Low Emission and Clean Air Zones

There's an increasing number of zones largely within city centres to control vehicle emissions to improve air quality.

Great Britain

Through 2021 there will be a roll out of new clean air zones (CAZs) and an enlargement of London’s ultra low emission zone (ULEZ).
From 25 October 2021 the ULEZ is expanding from central London to create a single large zone bounded by the North Circular (A406) and South Circular (A205). However, the North and South Circular roads themselves are not part of the zone.
Bath will be the first CAZ to go live from 15 March. Birmingham’s takes effect from 1 June. Oxford has pilot scheme planned fore a zero emission zone (ZEZ) from the summer of 2021.

They’re located in the respective city centres where persistent air pollution has been recorded. If you drive in the zones with a vehicle that does not meet the minimum requirements - Euro 4 (petrol) or Euro 6 (diesel) for passenger-carrying vehicles and Euro 3 for motorcycles where enforced (currently Birmingham) - there will be a daily charge, the system will be automatic, using cameras with automatic number plate recognition (ANPR).
On the UK government’s official website you can check your vehicle by entering its registration number. You’ll also find more information here including maps. Visit gov.uk and search for ‘clean air zones’.

Members have several options including:

  • Fitting approved filters to existing vehicles
  • Replacing vehicles with newer models
  • Paying the daily charge
  • Not entering the LEZ
  • Where available using a park and ride scheme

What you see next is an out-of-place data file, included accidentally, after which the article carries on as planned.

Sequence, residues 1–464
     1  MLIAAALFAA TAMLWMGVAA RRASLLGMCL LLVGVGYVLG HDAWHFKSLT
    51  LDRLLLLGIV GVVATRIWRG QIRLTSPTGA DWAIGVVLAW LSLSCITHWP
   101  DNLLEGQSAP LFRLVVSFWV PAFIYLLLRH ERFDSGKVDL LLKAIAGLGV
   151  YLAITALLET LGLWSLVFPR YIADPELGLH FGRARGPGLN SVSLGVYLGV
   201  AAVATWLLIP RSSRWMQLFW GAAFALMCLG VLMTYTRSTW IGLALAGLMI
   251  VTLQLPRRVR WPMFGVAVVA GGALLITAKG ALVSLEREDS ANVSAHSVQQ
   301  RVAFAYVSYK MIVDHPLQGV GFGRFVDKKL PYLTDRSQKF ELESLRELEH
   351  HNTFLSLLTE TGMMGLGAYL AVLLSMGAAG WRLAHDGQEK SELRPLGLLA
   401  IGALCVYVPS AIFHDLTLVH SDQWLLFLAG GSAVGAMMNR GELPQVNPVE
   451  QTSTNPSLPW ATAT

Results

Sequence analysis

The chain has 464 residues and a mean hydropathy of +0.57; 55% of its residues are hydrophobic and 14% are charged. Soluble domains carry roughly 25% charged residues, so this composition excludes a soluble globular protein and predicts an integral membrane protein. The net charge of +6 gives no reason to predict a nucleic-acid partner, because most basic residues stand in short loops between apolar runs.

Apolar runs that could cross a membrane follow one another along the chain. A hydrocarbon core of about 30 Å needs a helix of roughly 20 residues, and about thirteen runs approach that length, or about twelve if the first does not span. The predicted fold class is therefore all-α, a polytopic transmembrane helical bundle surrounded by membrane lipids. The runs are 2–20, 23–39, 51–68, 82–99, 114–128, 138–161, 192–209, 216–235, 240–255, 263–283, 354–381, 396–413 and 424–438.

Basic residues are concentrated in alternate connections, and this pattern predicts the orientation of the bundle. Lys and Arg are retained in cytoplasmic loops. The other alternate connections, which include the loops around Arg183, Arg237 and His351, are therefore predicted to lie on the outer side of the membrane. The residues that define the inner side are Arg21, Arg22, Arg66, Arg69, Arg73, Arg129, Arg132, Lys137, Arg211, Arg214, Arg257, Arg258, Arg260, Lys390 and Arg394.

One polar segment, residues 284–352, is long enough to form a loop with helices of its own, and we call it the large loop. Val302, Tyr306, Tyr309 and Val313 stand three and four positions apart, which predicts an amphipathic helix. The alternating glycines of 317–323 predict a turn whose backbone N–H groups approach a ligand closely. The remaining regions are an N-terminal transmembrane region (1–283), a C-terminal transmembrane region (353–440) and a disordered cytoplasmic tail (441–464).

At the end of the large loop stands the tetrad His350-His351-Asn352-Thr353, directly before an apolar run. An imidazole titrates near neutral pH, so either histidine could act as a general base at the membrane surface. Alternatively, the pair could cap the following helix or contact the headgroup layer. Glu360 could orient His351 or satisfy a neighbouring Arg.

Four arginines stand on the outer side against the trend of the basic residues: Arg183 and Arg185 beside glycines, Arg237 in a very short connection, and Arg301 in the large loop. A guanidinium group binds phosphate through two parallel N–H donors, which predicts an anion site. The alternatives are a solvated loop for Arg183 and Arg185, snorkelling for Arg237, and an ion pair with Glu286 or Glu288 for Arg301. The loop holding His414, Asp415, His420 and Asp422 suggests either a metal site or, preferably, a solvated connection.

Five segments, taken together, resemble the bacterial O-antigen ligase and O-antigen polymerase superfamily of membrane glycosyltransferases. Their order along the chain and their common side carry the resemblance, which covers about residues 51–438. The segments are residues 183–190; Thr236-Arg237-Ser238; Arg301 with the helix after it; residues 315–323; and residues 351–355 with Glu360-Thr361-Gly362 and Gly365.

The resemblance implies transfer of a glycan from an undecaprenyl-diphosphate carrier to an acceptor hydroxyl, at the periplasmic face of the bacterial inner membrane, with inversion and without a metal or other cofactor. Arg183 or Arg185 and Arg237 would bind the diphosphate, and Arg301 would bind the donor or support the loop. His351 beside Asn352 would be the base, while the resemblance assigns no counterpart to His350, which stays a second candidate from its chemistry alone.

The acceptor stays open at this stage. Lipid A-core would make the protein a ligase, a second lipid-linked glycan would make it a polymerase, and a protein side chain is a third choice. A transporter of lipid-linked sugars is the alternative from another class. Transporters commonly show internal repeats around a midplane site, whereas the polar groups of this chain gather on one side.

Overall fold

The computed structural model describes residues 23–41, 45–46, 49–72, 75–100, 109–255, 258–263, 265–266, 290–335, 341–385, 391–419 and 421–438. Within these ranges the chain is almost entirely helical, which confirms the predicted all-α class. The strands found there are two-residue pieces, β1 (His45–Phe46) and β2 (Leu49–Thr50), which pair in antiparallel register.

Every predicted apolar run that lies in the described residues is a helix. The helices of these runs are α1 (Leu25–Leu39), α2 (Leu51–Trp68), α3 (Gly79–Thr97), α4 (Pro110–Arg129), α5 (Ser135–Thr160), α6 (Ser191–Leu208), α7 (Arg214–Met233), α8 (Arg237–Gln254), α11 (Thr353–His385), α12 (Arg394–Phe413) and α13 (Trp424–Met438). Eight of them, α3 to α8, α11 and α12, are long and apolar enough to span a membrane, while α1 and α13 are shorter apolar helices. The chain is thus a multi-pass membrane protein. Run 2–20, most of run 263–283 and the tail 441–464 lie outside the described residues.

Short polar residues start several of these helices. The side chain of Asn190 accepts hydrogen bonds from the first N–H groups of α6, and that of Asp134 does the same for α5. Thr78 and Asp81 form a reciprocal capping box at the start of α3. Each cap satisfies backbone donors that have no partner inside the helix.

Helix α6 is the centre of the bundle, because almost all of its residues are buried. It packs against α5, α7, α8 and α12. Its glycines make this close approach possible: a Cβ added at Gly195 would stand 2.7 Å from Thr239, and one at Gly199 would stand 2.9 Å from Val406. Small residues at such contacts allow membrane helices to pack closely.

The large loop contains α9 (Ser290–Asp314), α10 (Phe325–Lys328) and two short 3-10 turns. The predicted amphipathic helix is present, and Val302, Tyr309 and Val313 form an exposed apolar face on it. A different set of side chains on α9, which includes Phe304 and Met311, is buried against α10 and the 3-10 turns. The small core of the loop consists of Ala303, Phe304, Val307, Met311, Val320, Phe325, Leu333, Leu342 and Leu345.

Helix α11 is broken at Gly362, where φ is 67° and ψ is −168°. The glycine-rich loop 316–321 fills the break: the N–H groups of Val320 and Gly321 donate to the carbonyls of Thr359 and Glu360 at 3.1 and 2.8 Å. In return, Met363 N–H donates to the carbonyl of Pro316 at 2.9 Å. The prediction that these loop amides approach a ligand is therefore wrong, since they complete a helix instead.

All Club Sites and Camping in the Forest Sites are currently outside Greater London's zone, however a number of Event Sites, Certificated Sites and Listed Sites are within the zone. To check out whether the particular campsite you wish to stay is within the LEZ visit the TFL website. From March 2021 motorhomes over 3,500kg must meet Euro VI to avoid charges in London.


Low-emission-zones

Mainland Europe

Further afield we’ve seen similar schemes being rolled out across much of western Europe. Visitors to France and Germany will be familiar with their respective Crit’Aire and Umwelt-Plakette. These are small window stickers you affix to the inside of the windscreen, on the driver’s side on a right-hand-drive vehicle.
It’s worth noting the schemes are completely different. In Germany it was set up to control particulate matter, usually from older diesel engines and the zones are permanently enforced. France will activate a local CAZ if the air quality drops and remains persistently poor.

There is a good online resource where you can check the whole of Europe, urbanaccessregulations.eu has all the information you need, including maps and links to the official sources where necessary.

Where a sticker's required be be aware there are third party businesses providing this service and will add a service charge, it's prudent to check you're using the country's correct agent.

There's a smart device app available called Green Zones which can be helpful while on the move, with live information and maps. There's a basic free version or you can subscribe to a more comprehensive version. You will need to have a WiFi hotspot or be prepared to use your data to get the best from it.

It is worth noting that most zones are are city centres, however a few are whole conurbations yet in most instances the trunk roads passing through are exempted from the zones but this is now an additional check to make when route planning.